Dennis Hackethal’s Blog

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Published · 1-minute read

Negative Weights

Why has nobody create negative gym weights? By that I mean weights which take away from the overall weight you’re lifting instead of adding to it.

Say you wish to squat 200 lbs. The barbell weighs 45 lbs so you need to distribute 200 - 45 = 155 lbs equally on both ends of the barbell, resulting in 77.5 lbs on each side.

In a traditional gym, that will take a 45 lbs plate, a 25 lbs plate, a 5 lbs plate, and a 2.5 lbs plate. That’s a total of four plates on each side. It would be easier if you could use a 45 lbs plate plus a 35 lbs plate, which add up to 80 lbs, and then subtract 2.5 lbs using a negative weight. That’s only three plates.

I suggest negative weights be made of a very light shell and filled with a gas that’s lighter than air (more on that below). A negative weight of 2.5 lbs would pull the barbell slightly upward, in the opposite direction of gravity, thereby resulting in a lift that’s 2.5 lbs lighter, saving you a plate.

Negative weights would also help you reduce the weight gradually without having to replace plates. Say you’re squatting at your maximum weight, one rep per set. You start with one rep at 200 lbs. For your next set, you want to do one rep at 180 lbs, which is 67.5 lbs each side of the barbell. That’s 45 + 10 + 10 + 2.5. You need to transition to that from having, on your barbell, 45 + 25 + 5 + 2.5. That means you need to take off 2.5 and replace both the 25 plate and the 5 plate with 10 each, only to put the 2.5 plate back on again. That’s a mess. It would be much easier if you could simply keep those weights and add -10 lbs on each side. Maybe you have the foresight to stack your plates in such a way that reducing the weight is easier – but some days you feel stronger than others, and you may have to reduce weights unexpectedly. And math is easier the less you need to do of it, especially when you’re out of breath.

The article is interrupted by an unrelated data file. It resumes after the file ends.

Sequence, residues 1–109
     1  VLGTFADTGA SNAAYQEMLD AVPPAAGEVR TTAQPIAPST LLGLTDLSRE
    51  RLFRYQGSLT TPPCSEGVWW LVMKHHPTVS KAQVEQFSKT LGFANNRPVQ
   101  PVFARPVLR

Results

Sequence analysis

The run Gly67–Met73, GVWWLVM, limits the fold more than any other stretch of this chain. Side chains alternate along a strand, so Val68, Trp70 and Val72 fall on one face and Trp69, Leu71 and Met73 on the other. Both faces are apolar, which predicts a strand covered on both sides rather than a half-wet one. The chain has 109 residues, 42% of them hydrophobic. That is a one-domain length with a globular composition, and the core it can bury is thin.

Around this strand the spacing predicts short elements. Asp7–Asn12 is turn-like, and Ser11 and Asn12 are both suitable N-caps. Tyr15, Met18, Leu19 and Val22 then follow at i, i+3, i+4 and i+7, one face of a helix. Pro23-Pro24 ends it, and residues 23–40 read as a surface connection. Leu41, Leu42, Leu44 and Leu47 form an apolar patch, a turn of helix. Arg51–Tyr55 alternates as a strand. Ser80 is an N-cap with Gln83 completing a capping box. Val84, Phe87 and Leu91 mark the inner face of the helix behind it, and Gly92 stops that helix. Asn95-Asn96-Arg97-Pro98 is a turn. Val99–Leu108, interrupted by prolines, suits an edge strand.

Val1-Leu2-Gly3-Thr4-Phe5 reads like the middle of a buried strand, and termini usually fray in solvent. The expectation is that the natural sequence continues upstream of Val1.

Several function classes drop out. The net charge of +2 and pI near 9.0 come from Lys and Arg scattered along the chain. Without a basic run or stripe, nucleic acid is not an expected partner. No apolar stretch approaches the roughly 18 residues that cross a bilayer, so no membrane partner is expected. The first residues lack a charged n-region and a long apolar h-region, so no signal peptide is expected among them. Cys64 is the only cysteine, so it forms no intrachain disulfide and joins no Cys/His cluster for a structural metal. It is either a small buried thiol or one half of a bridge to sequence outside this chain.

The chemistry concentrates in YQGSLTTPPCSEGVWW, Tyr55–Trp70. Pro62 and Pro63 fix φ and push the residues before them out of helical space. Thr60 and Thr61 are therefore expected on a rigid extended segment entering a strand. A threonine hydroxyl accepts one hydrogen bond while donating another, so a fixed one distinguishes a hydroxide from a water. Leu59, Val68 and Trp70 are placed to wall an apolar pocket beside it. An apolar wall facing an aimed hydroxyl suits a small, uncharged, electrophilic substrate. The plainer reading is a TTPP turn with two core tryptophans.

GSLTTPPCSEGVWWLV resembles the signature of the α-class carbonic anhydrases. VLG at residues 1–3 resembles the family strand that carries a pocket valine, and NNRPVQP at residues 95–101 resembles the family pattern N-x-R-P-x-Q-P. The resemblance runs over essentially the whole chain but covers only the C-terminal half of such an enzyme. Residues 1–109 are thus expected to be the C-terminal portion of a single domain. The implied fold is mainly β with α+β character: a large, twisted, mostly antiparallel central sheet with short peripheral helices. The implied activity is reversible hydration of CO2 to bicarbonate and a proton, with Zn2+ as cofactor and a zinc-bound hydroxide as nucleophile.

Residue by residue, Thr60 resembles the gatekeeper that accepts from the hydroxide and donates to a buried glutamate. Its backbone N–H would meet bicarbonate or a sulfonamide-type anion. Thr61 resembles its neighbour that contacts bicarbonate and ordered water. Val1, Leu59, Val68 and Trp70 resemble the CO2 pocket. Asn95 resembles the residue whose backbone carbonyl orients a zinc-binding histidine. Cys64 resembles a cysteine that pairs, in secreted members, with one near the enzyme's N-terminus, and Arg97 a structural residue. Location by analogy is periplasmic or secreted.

In the same vein, negative weights would make transitioning to other, lighter-weight exercises easier. They could also help you with assisted exercises, such as assisted pull ups, where they could be mounted to your body somehow, pulling you up slightly. Conversely, when you’re working with gravity, negative weights could make your exercise more challenging.

I suppose a downside of negative weights is that when they’re not properly secured they end up floating around the gym ceiling. And you shouldn’t take them outside. But surely this problem is soluble.

Which gas to use? It appears helium wouldn’t work very well because you needs lots of it to lift even very light weights. For example, you need the volume of 33 balloons to lift even one pound. But maybe that can be fixed somehow. Or maybe there’s another gas of which smaller amounts are required to lift objects. Or the weights could have little thrusters. Something. Somebody please create negative weights. (And then a universal dumbbell that you type the desired weight into and it magically weighs that much.)

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